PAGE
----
The sex: to know or not to know?

January 28, 2015 Written by Helen

Not, we've decided. And this time around I can honestly say I don't mind one bit. With my first baby, and in the immediate aftermath of my mum's death, I am afraid I did mind rather, and it bothered me terribly that I minded. I felt guilty. But I wanted a daughter, and in those early weeks and months after she died it comforted me to know that I might be carrying a girl, with whom I could share all that my mum and I shared together. I wanted that relationship back, even if it meant I had to be the mum this time around.

In truth, I was scared of having a boy; scared that I wouldn't love it the same way, that I just wouldn't really know what to do with it. My mum would have been the first to tell me it didn't matter. She never minded what she had (three girls) and she didn't think other people should mind either. She always said she just felt lucky to have children, it didn't matter what kind.

So we wrestled with whether or not to find out last time. Our amazing hospital with its super clever scanners could have told us as early as 12 weeks. In the end I let myself off the hook, relaxed a bit, and came to understand that I loved this baby growing inside me, be it boy or girl. It was a baby. The details really didn't matter.

So this time, we really don't mind: lucky us if we get a boy, lucky us if we get a girl. We are up for the surprise. There are very few true surprises left in life. This is a real, proper surprise, and we are excited! I have of course been happy to indulge those (nutters) who profess to be able to tell the sex of your unborn child using their sorcery and magical powers. After dinner last night I lay on the couch in the kitchen while several (slightly drunk) people dangled my wedding ring suspended on a strand of hair over my huge white exposed belly. Sure enough, it "rocked" from side to side. Conclusive proof, apparently: girl. I actually felt like we were about to do a Ouija board, such was the level of preparation, intrigue and suspense in the room. And then there is the bloke in the post room at work. He's about 7'5", and I remember him taking me by the wrists when I was pregnant with Eve, feeling my pulse (which is supposedly different in each wrist - what?!) and declaring he had a 90% success rate at predicting the baby's gender. He was right, incidentally. I must pop in and see him tomorrow...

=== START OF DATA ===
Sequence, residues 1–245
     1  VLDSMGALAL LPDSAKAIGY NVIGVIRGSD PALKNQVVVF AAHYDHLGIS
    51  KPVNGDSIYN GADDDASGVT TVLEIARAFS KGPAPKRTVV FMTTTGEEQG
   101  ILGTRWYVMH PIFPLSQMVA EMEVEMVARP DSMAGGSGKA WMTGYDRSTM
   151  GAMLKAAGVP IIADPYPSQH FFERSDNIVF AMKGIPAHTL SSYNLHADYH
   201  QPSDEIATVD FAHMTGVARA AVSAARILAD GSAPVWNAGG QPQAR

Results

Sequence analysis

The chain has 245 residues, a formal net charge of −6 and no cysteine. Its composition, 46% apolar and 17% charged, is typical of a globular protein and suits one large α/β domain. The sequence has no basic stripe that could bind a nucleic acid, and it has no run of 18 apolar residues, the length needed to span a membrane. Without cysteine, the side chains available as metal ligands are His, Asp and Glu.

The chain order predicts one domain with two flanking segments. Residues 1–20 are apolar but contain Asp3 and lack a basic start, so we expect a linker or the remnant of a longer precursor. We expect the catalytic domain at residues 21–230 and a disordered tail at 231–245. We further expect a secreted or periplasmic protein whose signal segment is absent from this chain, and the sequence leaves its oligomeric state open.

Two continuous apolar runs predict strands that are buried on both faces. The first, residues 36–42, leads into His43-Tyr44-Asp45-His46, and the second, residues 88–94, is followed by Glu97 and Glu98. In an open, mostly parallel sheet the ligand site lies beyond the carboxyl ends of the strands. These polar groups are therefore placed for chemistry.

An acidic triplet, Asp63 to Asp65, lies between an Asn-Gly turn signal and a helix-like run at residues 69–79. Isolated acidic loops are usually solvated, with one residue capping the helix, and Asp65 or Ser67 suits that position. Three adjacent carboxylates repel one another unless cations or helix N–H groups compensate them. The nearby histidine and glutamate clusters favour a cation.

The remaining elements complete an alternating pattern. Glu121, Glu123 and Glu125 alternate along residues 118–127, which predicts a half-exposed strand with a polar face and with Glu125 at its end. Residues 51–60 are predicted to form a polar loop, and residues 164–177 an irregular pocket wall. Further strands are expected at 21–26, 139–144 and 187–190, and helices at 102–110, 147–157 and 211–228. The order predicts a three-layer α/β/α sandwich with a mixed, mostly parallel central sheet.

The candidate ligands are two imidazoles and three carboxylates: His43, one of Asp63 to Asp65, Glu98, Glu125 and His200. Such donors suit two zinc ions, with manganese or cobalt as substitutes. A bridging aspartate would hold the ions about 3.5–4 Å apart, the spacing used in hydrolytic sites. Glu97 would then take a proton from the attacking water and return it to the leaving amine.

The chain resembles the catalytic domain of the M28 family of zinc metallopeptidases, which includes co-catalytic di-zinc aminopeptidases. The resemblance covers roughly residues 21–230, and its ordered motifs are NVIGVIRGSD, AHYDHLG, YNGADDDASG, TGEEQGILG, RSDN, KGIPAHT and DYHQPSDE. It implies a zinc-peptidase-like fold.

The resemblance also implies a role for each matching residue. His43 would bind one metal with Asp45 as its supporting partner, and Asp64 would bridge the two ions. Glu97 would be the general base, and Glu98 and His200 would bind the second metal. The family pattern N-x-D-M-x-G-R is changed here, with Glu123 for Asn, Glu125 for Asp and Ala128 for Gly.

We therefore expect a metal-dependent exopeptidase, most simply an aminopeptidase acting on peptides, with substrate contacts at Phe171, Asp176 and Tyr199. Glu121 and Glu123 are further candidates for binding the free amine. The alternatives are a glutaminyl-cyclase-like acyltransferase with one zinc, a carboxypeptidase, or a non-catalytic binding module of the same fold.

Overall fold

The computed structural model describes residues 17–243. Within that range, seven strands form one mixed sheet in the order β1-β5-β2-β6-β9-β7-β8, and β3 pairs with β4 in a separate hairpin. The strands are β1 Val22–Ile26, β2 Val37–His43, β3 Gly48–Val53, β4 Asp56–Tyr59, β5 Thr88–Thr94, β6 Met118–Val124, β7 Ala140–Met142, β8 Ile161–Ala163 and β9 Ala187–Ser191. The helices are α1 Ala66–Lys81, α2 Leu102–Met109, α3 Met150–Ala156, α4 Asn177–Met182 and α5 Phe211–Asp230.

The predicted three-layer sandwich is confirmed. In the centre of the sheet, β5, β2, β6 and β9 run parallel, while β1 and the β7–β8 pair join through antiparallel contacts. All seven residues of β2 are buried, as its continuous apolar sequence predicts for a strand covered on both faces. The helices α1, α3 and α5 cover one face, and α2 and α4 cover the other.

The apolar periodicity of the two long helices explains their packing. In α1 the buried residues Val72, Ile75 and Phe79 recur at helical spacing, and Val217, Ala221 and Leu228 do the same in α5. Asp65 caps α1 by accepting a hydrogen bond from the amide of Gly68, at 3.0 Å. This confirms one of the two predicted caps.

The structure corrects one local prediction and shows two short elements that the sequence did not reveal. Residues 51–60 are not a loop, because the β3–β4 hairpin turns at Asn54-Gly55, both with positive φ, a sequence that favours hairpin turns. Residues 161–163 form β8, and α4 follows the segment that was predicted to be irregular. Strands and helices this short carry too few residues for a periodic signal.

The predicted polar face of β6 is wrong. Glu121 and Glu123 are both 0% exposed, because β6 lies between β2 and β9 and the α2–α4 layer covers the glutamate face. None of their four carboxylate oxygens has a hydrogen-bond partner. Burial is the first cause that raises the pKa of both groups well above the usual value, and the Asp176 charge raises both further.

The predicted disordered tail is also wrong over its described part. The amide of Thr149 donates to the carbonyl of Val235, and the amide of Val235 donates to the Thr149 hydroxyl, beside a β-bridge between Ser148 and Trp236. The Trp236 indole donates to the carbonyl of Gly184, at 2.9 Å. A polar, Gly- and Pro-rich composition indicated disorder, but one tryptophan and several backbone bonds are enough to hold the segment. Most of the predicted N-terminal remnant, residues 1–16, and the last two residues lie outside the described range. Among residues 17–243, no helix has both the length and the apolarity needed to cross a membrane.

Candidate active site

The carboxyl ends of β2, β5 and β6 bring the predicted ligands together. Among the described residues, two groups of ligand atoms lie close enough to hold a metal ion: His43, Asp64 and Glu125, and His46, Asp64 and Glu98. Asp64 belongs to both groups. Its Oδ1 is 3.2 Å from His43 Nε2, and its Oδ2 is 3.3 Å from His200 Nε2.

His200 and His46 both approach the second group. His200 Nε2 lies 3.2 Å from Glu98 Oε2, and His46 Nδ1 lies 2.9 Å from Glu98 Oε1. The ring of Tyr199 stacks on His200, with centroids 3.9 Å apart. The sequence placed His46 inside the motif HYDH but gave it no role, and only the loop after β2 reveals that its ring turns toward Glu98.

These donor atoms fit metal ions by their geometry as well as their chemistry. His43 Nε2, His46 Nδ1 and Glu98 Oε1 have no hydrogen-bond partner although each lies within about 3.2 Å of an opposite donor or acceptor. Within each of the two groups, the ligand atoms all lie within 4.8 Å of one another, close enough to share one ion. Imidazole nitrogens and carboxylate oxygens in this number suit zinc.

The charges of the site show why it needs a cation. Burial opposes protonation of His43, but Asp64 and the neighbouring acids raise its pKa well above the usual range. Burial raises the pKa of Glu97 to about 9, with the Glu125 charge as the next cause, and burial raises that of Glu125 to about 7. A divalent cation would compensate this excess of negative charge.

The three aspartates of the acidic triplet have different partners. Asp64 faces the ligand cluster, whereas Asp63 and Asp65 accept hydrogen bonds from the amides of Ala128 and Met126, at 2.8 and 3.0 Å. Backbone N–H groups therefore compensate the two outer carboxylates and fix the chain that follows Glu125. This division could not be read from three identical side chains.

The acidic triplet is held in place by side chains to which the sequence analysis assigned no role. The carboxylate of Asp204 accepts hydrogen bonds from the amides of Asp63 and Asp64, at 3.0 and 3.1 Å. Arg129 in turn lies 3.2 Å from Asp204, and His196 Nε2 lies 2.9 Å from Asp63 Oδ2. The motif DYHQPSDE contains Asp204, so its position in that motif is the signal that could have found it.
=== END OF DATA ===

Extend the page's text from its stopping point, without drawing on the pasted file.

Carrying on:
And as for not knowing what to do with a boy, correct me if I'm wrong, but I imagine that one newborn is pretty much the same as another. Feed it, hold it, love it, and I think we'll be ok.  I hear there's a different wiping technique. I'm sure I'll learn...

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4 thoughts on “The sex: to know or not to know?”

  1. Fiona McKee says:

    Hi Helen
    A friend told me about your blog . My Mum passed away when I was 34 weeks pregnant with my second child . My daughter is now six years old and my son is nine . On the day of Mums funeral I remember thinking that the worst thing that could ever happen to me has happened and yet my son still needed his breakfast and still needed his nappy changed . In the midst of this grief I still had to function as a mummy . The early days of a new baby who’s crying and you don’t know why, to the sports days or school plays ,these are all the things that I can’t share with my mum and perhaps only another mummy without a mummy will understand. Anyway I just wanted to wish you well with your pregnancy and the blog and I look forward to following your progress .best wishes Fiona x

    1. Helen says:

      Fiona, how kind you are to leave a comment. Thank you. It must have been so desperately hard to be so far into your pregnancy and to suffer such a terrible loss. I can’t imagine the pain of that.
      Thank you for understanding, and for being in touch.
      Helen. x

  2. Jo says:

    Hi Helen

    It’s Jo – P&S friend I saw they linked this and wanted to say how touching what you write is. You are and will continue to be an amazing mother I have no doubt. I’m not far away in ol London Town if you ever fancy a coffee? X

    1. Helen says:

      Jo! It’s lovely to hear from you. Thanks for reading, and it would be great to see you. x

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